Although there are no absolute contraindications to bariatric surgery, most bariatric surgeons consider that patients with ongoing illicit drug use should not undergo such procedures. The lack of clear recommendations within this field makes morbidly obese patients on opioid-replacement therapy a sub-group at risk for treatment refusal. There is little evidence to provide guidance on these matters. Of the few relevant studies that exist, one found patients with past substance abuse to be at higher risk for dropout during the assessment process before bariatric surgery.
Morbidly obese patients on opioid- replacement therapy may be at risk for treatment refusal with regard to bariatric surgery. However, patients on opioid replacement may have the personal skills to facilitate the lifestyle changes required for successful outcomes after bariatric surgery. This planned case observation assessed the effects of sleeve gastrectomy on the pharmacokinetic properties of methadone.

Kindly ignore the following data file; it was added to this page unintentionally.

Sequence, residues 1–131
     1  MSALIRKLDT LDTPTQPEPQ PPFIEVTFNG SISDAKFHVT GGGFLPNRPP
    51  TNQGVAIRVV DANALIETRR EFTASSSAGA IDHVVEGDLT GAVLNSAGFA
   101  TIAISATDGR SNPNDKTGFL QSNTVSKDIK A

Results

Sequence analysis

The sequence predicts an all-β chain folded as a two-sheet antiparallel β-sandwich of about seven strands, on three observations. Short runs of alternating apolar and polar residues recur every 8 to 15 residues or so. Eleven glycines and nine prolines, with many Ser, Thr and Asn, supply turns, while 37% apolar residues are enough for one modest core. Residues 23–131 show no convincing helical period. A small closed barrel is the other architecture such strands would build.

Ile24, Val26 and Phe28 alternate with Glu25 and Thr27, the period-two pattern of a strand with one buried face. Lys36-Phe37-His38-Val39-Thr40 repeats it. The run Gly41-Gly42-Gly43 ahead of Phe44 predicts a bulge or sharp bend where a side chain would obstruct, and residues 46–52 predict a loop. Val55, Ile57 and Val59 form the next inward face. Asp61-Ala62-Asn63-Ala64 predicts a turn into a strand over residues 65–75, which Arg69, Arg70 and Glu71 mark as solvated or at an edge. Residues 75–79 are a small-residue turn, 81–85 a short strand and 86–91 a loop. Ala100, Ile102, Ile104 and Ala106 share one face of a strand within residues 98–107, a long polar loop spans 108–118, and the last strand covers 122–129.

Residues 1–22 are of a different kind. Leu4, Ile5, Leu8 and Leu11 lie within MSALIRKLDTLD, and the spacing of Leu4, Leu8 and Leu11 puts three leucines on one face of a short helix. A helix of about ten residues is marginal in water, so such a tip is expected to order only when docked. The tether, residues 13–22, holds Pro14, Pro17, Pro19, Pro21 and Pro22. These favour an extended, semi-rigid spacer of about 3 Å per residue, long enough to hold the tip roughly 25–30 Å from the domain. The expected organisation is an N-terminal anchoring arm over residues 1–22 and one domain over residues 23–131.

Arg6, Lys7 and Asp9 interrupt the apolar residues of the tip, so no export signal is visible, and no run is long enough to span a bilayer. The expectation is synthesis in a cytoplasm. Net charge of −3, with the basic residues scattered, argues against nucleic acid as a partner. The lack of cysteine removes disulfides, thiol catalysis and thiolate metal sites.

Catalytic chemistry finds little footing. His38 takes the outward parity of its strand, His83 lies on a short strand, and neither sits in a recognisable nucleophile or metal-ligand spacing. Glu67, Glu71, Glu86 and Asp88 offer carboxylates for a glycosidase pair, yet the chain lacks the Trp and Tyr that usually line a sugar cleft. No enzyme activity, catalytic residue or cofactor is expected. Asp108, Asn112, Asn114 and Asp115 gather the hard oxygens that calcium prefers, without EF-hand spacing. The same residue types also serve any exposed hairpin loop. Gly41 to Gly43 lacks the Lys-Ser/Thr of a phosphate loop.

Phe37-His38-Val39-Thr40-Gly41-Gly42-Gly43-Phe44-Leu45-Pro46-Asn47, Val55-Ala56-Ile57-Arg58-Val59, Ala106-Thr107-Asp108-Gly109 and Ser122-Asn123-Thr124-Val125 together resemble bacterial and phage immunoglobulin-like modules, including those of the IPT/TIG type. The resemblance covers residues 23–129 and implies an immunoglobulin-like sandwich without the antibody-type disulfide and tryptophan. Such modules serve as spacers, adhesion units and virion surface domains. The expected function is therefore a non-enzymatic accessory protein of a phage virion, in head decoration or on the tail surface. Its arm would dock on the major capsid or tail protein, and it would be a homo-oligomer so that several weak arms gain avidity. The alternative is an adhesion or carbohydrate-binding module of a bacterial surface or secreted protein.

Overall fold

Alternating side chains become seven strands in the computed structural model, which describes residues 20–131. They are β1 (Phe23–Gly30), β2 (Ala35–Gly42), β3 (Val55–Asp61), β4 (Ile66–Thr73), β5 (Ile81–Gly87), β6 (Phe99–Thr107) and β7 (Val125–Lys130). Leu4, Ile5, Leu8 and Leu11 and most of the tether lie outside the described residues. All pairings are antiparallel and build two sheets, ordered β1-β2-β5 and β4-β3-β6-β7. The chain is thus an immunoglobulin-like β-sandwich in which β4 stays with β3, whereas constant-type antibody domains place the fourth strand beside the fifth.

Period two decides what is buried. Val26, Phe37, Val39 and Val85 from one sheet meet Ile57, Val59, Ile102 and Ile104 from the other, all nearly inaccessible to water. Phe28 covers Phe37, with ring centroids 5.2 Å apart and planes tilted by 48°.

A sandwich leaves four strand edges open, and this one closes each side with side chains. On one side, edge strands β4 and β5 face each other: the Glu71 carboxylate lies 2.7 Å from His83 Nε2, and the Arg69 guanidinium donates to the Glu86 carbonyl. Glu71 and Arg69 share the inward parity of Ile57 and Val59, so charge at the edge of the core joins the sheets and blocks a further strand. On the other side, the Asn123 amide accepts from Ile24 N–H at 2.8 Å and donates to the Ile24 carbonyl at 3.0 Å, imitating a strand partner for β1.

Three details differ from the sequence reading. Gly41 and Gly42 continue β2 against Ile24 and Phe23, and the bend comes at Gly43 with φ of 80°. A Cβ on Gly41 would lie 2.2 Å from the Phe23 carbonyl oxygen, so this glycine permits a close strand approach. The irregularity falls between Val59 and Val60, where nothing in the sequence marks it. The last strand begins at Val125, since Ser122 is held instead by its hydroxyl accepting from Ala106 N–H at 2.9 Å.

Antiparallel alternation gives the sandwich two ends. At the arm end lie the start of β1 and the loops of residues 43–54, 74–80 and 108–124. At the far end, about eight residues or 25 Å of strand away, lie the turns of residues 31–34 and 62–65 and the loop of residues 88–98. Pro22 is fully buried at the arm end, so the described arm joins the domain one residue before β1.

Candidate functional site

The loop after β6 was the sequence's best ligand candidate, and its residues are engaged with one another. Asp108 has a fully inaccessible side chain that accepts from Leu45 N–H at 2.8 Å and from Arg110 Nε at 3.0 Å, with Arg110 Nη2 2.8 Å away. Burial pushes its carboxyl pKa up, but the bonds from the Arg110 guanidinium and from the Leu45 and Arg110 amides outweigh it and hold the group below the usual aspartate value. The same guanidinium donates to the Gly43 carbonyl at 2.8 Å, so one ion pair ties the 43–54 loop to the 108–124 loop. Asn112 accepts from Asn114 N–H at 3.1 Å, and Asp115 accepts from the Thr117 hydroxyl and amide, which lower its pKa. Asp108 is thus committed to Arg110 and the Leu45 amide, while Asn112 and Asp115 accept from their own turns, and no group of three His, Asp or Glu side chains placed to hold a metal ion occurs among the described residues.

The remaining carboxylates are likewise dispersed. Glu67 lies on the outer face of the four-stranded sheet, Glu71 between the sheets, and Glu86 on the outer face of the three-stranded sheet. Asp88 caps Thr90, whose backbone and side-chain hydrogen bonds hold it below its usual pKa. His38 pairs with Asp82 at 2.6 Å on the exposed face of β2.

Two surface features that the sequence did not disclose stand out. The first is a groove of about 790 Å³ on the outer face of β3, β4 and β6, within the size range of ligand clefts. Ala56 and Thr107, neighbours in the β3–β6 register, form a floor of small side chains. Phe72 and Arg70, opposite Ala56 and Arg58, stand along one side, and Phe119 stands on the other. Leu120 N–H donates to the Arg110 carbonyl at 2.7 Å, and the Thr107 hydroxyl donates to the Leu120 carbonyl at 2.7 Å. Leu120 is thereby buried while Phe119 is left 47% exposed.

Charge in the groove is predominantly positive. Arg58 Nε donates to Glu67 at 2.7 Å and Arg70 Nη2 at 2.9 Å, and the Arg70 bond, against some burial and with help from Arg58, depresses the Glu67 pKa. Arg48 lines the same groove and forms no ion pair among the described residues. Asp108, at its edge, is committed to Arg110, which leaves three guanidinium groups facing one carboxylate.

A white woman in her 40s on methadone maintenance therapy and with morbid obesity was referred for bariatric surgery. Serial blood samples for methadone concentration measurements were obtained before and at 5 days and 1, 7, and 11months after surgery.
Serum methadone concentrations increased from before to 5 days after surgery and continued to increase for 7 months thereafter. The pre-dose measurementat11monthspostoperatively suggests a further increase compared with the previous pre-dose measurements.
Clinicians should beware the potential for altered effects of methadone after bariatric surgery. We recommend hatserum concentrations be routinely measured pre-and post- operatively, and that the dose be adjusted according to these measurements and regular clinical assessments.